Jin Ahn moved to the U.K. to improve her English skills – and to take a break from her career as a fashion designer in her home Seoul, South Korea. Once she fell in love with the British countryside she knew she wanted to work with plants. First, Jin thought she wanted to be a gardener, but the English weather led her to indoor gardening. Today, the 36-year-old successfully runs the store “Conservatory Archives” in Hackney, East-London, together with her partner Giacomo. The store has become a mekka for plant lovers from all over London – and an instagram sensation. We visit the qualified horticulturalist Jin in her unusual, marvelous home in a former warehouse and in her store on Hackney Road.
femtastics: You came to the U.K. in 2010. Why?
Jin Ahn: When you‘re around 30 years old, as a woman, you begin to think about your future: do I want to get married? Do I want to start a family or to focus on my career? I was fed up with working in fashion and wanted something different. I did not see my future in the fashion industry.
Why did you come to London?
Actually I moved to Edinborough first, to study English. Just to take a break. I stayed there for about a year and then moved to Essex, in the countryside. In Essex I studied Horticulture at Writtle University College.
I think, if you live in the UK you have to be inspired by nature!
You wanted to start over completely?
Yes, I wanted a new education – and to improve my English along the way.
What got you interested in plants and indoor gardening?
That happened when I was living in Edinborough. I often went to the Botanical Garden in Edinborough and that inspired me a lot. I think, if you live in the UK you have to be inspired by nature. I come from a huge city with a lot of concrete. And I thought: If I can work with nature, I‘ll live happily ever after (laughs).
So your love for plants started in the U.K.?
Well, my mother has always loved plants and she has always had a lot of plants in the house. But I never thought that plants could be a job. I never considered becoming a gardener.
I have always been a city girl and it was difficult for me to work in the rain. So I thought about indoor gardening.
How did you come up with the idea for Conservatory Archives?
When I was finishing my degree, I did not think about opening a shop. I was planning to work in a botanical garden or a garden centre, or to work as a private gardener. But I found myself struggling with working outdoors. I have always been a city girl and it was difficult for me to work in the rain. So I thought about indoor gardening. And since I love furniture and design I got the idea to open a shop: to sell furniture and plants, maybe also coffee – I was very ambitious (laughs). Now we‘re only focussing on plants, because that went so well.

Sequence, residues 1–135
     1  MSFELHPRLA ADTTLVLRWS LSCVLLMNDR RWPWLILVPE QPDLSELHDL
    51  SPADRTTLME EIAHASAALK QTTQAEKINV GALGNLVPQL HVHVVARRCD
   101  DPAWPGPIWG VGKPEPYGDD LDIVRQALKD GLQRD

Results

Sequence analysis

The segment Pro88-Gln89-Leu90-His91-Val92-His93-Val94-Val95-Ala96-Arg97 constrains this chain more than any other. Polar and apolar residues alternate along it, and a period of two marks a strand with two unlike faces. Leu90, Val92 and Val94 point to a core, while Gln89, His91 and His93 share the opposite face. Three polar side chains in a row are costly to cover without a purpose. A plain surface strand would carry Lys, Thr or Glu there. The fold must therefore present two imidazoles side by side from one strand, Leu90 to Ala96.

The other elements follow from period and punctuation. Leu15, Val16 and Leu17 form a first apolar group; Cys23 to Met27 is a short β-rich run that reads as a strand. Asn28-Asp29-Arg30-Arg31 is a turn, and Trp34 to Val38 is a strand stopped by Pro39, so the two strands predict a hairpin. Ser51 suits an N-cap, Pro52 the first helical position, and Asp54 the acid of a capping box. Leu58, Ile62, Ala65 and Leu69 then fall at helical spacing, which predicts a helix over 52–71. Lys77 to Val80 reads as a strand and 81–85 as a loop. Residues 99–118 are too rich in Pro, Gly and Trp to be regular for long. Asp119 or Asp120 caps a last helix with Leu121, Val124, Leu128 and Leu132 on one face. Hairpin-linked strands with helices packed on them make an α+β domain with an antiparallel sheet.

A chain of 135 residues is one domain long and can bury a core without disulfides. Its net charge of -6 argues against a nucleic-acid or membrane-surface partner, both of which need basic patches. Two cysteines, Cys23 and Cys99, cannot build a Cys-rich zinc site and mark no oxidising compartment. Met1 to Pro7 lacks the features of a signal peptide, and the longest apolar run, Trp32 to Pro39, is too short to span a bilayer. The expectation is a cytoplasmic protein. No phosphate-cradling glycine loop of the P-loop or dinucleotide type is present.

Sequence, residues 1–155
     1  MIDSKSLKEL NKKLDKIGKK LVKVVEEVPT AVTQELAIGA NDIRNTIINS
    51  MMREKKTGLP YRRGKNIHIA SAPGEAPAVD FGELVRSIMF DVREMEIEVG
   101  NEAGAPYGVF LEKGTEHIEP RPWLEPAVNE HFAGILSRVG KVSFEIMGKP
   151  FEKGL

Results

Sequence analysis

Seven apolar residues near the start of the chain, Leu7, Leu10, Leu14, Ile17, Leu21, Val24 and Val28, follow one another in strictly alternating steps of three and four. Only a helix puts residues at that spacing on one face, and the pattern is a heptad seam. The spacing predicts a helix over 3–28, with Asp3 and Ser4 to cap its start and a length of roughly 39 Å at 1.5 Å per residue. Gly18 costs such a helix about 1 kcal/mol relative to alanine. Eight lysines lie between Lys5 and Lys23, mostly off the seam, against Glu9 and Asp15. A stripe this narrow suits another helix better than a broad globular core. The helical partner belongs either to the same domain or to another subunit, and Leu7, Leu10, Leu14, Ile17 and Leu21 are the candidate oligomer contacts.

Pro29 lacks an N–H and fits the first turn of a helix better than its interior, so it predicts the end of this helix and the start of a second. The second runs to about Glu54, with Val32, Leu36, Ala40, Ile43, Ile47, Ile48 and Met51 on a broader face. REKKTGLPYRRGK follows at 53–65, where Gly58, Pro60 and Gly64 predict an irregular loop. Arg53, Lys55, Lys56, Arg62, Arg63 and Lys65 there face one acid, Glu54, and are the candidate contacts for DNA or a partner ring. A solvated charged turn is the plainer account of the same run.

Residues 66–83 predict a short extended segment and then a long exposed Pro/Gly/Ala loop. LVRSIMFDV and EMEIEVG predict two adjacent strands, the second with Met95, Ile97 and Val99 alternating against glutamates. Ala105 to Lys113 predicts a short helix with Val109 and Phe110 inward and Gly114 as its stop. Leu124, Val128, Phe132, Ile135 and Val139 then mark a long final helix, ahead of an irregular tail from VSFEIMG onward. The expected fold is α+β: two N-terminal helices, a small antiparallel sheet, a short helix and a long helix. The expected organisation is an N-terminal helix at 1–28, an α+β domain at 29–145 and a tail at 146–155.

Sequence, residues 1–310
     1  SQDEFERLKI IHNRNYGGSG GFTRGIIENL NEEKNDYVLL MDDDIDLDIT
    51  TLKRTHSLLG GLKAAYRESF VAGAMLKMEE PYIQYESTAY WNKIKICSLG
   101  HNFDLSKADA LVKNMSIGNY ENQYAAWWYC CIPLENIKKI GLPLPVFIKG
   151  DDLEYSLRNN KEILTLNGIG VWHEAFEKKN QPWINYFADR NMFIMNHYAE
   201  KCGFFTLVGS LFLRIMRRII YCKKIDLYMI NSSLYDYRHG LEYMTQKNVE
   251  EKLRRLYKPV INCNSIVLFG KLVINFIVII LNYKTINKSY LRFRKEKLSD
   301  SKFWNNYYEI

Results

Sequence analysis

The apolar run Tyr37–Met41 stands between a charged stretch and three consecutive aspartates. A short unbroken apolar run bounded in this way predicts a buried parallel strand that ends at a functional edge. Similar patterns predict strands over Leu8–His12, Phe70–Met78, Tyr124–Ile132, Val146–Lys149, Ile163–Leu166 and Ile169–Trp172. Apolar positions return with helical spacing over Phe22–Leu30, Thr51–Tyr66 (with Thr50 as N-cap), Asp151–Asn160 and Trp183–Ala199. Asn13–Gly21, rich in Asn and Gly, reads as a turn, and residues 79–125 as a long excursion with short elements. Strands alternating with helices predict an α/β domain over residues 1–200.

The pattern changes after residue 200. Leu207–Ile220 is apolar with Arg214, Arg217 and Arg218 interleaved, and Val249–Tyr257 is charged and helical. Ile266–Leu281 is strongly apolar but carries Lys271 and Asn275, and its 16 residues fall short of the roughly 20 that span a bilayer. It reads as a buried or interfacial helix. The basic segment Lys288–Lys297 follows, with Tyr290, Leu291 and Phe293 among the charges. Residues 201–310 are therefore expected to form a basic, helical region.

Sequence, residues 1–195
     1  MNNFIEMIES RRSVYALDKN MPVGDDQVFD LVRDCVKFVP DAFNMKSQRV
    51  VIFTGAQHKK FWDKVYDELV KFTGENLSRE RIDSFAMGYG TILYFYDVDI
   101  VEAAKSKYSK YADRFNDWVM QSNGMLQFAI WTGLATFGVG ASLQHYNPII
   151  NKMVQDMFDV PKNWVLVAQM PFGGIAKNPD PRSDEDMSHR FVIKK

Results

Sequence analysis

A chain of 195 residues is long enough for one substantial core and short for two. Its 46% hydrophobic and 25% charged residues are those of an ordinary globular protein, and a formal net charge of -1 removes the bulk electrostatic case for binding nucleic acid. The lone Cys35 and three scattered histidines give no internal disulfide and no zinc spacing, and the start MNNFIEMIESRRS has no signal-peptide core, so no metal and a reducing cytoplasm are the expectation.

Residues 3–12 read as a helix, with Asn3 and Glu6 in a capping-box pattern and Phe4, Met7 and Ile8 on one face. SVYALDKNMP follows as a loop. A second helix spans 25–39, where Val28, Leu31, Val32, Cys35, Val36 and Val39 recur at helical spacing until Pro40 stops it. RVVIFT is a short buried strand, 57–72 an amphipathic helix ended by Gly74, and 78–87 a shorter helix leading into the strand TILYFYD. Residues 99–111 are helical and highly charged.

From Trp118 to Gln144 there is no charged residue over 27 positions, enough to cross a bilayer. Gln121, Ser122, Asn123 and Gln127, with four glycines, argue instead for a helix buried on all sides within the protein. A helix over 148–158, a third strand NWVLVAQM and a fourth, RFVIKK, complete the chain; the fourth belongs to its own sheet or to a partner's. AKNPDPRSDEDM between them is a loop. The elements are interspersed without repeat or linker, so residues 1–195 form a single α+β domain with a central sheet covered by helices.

Who are you working with? How big is your team?
We started as two: me and my partner. Now we have two more team members: one downstairs in our studio, one in the shop.
How did you finance opening the shop?
It‘s difficult, because property prices in London are crazy. I was very lucky that I found this shop. My landlord is wonderful and charges a reasonable rent. In the beginning, we struggled a bit, but now we are quite stable because we have several maintenance contracts which provide us with a regular income.
Did you plan to open the shop in East London?
I looked everywhere in London, but I eventually decided to open my shop here because East London is a lot cheaper than many other parts of the city. And I did not want to go further out. Also, people in East London are very diverse and creative – which is great!
In South Korea what you look like and how you dress is very important. People are obsessed with cosmetics and plastic surgery. It is all about being more beautiful, especially as a woman.
What do you like about living and working here?
I come from a totally different background. I think here, as a woman, you do not always need to think about your appearance. In South Korea what you look like and how you dress is very important. People are obsessed with cosmetics and plastic surgery. It is all about being more beautiful, especially as a woman. Here, I feel like, people just see me as a person with a character. That‘s nice.
Does it feel liberating for you?
Yes, absolutely. Here, I am a lot more relaxed. I go outside without makeup or wearing my work clothes. After all, we are gardeners, we work with our hands.
Where do you find all these plants?